Bar Code Industry News
Have you ever forgotten where you left a tool?
You probably understand the frustration of wasting time searching for it or wasting money to buy a new one. Imagine what a $400 million construction company goes through, sending multiple crews to sites nationwide, performing various types of labor, using a wide range of tools and equipment. Herzog Contracting Corp. faced a major challenge when they realized that for each project, they replaced at least 10 percent of the tools used. The only system in place for organizing and tracking equipment was each crew’s foreman taking tools on the “honor system.” The resulting cost of lost and stolen property was having a major impact on Herzog’s profitability. One project alone resulted in the company replacing more than 1,000 tape measures.
An opportunity arose in 2009 when Herzog signed the contract for constructing Denver’s West Corridor Light Rail Project. The company asked Dynamic Systems Inc., a software company which develops barcode
data collection applications, to help them implement an asset management
solution. The answer incorporated a mobile computing
system with the ability to label and scan bar codes on each tool owned by the company.
There were several things to consider before choosing a mobile computing system. First, the company operates by sending out crews to their work sites. There is no centralized office and usually no Internet. Also, the nature of the work environment called for a heavy-duty solution that would not be affected by dust, dirt, or being dropped on concrete. If bar codes were used, they had to be durable and small enough to fit on any type of tool. Bar codes needed be quickly and easily scanned so that new tools could be logged into the system without interrupting a project.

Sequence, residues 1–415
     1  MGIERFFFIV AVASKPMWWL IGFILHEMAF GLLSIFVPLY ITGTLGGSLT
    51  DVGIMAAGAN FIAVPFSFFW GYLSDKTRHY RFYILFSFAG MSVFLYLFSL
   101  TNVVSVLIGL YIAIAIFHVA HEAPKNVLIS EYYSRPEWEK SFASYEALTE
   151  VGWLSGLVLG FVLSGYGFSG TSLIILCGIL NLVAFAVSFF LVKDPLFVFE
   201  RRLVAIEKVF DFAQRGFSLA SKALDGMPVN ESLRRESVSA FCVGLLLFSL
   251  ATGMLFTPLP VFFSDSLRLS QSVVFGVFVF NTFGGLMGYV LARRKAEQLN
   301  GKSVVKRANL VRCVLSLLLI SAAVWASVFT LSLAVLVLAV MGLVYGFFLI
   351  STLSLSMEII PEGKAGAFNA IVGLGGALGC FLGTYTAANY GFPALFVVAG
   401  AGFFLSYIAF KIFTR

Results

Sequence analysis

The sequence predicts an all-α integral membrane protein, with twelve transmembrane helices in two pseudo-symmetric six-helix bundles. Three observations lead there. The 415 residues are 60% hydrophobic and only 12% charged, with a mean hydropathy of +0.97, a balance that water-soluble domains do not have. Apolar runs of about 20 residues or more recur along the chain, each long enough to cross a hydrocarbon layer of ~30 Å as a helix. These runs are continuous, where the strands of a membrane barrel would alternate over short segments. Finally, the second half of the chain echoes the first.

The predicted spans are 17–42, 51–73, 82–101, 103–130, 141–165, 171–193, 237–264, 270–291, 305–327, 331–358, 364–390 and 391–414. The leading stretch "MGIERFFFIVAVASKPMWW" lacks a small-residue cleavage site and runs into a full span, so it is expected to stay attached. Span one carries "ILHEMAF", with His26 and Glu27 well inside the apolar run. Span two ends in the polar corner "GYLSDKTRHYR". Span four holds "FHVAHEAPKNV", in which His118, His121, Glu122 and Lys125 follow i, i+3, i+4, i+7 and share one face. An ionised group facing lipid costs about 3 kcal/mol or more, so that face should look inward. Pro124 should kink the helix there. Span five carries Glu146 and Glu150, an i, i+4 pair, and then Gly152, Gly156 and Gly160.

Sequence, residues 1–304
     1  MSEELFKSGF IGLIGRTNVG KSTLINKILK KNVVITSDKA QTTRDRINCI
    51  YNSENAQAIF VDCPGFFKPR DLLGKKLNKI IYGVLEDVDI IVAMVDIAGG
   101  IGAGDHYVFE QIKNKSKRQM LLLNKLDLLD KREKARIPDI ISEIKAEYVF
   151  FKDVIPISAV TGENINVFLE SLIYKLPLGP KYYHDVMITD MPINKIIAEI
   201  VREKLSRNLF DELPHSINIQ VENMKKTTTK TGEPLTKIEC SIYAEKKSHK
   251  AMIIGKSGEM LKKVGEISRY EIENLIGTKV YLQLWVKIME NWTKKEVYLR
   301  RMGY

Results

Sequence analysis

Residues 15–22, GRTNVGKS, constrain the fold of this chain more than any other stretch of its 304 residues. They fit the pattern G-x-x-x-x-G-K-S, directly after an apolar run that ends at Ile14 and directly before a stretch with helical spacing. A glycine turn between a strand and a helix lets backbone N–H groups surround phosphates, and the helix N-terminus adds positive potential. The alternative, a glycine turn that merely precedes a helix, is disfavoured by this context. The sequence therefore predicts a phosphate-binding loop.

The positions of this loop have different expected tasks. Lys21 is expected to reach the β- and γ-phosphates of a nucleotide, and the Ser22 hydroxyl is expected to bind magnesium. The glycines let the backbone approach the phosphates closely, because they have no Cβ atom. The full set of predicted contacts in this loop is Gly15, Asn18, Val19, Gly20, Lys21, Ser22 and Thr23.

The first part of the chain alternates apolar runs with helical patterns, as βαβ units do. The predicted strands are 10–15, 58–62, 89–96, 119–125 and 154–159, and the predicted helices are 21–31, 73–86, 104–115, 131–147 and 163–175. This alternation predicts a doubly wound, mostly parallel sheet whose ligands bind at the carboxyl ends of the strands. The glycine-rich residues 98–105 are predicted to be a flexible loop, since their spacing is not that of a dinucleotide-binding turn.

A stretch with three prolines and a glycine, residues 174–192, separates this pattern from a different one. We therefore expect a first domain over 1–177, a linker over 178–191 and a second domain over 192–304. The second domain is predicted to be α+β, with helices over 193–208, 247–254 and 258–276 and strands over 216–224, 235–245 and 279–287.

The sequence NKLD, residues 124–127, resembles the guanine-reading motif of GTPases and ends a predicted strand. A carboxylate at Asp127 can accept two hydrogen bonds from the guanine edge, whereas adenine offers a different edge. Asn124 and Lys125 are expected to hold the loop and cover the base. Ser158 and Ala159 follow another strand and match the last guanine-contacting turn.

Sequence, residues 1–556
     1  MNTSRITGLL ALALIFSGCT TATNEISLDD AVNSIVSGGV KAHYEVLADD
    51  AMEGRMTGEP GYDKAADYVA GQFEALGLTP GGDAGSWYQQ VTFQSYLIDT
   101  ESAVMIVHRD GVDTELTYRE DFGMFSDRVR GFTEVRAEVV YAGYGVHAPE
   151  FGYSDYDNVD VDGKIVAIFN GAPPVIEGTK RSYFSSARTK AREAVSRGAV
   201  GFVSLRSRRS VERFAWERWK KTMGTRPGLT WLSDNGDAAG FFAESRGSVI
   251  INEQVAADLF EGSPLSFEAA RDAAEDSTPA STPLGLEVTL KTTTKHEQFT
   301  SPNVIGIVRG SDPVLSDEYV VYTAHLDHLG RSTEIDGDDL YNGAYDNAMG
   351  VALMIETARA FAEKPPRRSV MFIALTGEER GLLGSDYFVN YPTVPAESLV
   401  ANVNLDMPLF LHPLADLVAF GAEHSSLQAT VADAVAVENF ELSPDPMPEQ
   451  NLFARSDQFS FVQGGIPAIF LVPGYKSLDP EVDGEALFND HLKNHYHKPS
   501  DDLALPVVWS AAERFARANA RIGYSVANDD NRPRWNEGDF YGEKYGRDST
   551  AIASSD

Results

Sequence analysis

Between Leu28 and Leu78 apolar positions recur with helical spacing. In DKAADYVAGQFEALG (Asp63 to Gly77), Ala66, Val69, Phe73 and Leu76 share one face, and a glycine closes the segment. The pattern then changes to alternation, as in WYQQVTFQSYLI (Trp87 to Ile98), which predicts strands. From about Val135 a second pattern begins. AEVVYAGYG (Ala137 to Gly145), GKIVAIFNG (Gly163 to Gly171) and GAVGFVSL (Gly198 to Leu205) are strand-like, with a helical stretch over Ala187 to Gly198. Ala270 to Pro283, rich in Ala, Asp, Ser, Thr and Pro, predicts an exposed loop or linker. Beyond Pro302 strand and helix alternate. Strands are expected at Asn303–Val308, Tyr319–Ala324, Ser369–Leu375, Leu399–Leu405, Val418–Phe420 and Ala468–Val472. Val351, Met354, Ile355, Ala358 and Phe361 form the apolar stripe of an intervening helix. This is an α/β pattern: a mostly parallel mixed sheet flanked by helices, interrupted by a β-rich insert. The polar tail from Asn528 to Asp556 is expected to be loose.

The complete solution for Herzog’s challenge incorporated Honeywell’s Dolphin 7850 mobile computer
and Honeywell’s Focus 1690 hand-held scanner, with Dynamic Systems’ CheckMate software for tool tracking, and preprinted 1D and 2D bar codes.
Honeywell’s Dolphin 7850 has a user-friendly, touch screen interface, and also has a signature capture functionality allowing tools to be signed out electronically, therefore encouraging responsibility and ownership. The signature also provides a legal record for the company in cases where expensive tools or equipment go missing.
Preprinted 1D and 2D bar codes were designed to meet Herzog’s specific size and durability needs. Honeywell’s Focus 1690 is a hand-held area-imaging scanner that can quickly read these bar codes. The scanner uses Dynamic System’s CheckMate ToolRoom software, which allows information from the bar codes to be loaded into an electronic library for tracking of tools. The software is able to classify tools by value and to monitor more expensive tools more carefully. Without wireless access, the updates are not made in real-time, but they can still be performed a few times a day so that the database can be used to track down the exact location of specific tools at any given moment.
Since employing the new mobile computing and bar code solution in May 2009, Herzog is saving an estimated $20,000 per month due to decreases in tool and equipment loss. The company has been able to see a new sense of ownership and responsibility among foremen and crews. Also, the ability to know where certain tools are at any given point has saved time and increased productivity.
Herzog looks forward to utilizing the same mobile computing and bar code system at other sites, expecting to see the same benefits. The company plans to implement a duplicate system in upcoming North Texas Rail Project.